Opinion: Gun Violence and Young People in America

Opinion, Crime, NakedLaw, Rights

Young Americans are 42 times more likely to be killed by guns than young people in other affluent countries, yet “Kim Kardashian” yields five times as many Google News results as “gun violence America” on a day without a major shooting story.  Most days we are asleep on this issue, though 82 Americans die from gun violence daily – primarily young inner city African-American males whose stories receive no coverage at all.

Today we learned the horrific news of a mass slaughter of young children and adults in Connecticut.  News organizations are ready to go with their predictable follow up:  rounds of hand-wringing stories about this shooter, these victims, mental illness, why-did-he-do-it.  And very few will talk about the root cause of this and so many other shootings in America:  our gun laws, among the most lax in the developed world.  Laws that could be changed if we had the political will, saving lives of our young people – those whose stories get covered, and those who die in silence.

At 270 million guns and growing annually, the United States boasts more firearms in private hands than anywhere else on earth. With 90 guns per 100 residents, we are well ahead of the second-most gun-yielding country on earth, Yemen, which has 61 guns per 100 residents. The proliferation of guns in America has not only led to frequent, predictable gun deaths and mass shootings but also to increasingly violent crimes perpetrated by angry young men with easy access to firearms.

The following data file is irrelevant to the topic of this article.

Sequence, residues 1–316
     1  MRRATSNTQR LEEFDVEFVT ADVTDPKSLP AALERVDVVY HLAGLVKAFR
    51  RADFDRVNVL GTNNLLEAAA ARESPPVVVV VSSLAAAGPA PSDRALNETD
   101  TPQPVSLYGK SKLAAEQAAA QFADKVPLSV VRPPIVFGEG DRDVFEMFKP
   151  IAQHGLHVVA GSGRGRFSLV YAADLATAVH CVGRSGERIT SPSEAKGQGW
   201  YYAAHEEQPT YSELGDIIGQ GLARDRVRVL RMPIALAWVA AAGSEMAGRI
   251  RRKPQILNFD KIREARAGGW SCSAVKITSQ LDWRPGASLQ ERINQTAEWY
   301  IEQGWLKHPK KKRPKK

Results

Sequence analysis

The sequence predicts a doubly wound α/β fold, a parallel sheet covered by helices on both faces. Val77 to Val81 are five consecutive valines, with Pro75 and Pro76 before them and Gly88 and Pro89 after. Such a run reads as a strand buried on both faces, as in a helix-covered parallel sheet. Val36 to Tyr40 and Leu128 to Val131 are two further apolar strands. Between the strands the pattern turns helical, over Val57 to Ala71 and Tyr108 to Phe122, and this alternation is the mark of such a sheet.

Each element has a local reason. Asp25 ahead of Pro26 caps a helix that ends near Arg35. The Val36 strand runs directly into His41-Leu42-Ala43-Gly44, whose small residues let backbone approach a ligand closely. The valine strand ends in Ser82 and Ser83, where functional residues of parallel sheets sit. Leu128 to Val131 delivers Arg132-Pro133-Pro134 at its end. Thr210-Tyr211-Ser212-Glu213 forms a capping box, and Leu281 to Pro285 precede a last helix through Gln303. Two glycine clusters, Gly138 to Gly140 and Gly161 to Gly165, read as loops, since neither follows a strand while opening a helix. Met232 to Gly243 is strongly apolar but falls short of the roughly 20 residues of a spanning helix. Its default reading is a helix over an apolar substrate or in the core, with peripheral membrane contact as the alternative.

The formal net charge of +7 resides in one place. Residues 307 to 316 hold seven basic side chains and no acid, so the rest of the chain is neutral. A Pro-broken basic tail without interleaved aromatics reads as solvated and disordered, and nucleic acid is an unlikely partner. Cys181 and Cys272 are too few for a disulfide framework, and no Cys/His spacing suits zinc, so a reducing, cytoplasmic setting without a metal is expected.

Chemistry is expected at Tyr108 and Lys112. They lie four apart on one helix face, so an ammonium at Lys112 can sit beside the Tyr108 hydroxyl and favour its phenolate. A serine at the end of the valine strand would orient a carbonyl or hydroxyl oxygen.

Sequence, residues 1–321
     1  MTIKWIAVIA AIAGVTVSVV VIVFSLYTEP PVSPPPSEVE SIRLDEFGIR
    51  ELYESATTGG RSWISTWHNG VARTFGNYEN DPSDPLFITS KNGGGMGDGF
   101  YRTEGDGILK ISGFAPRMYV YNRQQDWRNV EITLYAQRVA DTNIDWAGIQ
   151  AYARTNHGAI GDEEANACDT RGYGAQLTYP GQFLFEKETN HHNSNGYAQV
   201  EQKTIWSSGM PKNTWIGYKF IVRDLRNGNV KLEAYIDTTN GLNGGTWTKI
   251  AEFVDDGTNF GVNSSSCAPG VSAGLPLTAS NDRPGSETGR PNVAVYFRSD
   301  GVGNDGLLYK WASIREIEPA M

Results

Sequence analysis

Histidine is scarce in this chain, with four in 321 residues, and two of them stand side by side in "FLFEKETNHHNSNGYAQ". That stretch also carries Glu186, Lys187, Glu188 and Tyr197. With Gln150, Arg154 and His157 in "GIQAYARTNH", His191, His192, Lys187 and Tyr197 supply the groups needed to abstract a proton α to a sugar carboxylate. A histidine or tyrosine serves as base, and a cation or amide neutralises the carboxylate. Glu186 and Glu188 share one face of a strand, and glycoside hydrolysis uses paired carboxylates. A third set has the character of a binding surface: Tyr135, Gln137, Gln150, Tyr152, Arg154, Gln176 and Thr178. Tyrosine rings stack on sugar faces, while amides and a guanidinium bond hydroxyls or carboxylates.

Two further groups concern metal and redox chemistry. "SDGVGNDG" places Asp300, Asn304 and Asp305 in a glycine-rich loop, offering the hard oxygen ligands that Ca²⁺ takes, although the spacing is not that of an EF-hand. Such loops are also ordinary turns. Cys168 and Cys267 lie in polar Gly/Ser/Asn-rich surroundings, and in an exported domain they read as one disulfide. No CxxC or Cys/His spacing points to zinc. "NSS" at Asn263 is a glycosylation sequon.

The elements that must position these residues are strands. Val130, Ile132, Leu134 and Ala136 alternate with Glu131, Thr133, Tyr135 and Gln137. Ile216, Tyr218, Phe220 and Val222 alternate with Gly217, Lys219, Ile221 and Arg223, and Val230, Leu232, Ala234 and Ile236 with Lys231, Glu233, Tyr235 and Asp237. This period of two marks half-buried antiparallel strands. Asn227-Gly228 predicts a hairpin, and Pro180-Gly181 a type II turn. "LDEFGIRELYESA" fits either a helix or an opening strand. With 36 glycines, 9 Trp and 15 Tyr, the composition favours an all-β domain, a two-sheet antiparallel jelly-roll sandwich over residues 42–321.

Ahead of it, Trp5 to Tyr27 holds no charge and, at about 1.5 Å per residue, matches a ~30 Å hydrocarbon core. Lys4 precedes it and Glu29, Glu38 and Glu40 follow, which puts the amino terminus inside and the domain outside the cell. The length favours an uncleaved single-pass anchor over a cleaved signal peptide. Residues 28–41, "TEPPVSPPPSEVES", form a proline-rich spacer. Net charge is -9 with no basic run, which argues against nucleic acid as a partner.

The United States is now at epidemic levels of gun violence, which claims over thirty thousand lives annually, according to the US Centers for Disease Control and Prevention. (And for every gun death, two more are wounded.)  The gun murder rate in the U.S. is almost 20 times higher than the next 22 richest and most populous nations combined.  Every one of those nations has stricter gun control laws.  Of all the gun deaths in the 23 wealthiest countries in the world, 80 percent are American deaths. Of all the children killed by guns in those nations, 87 percent are American kids.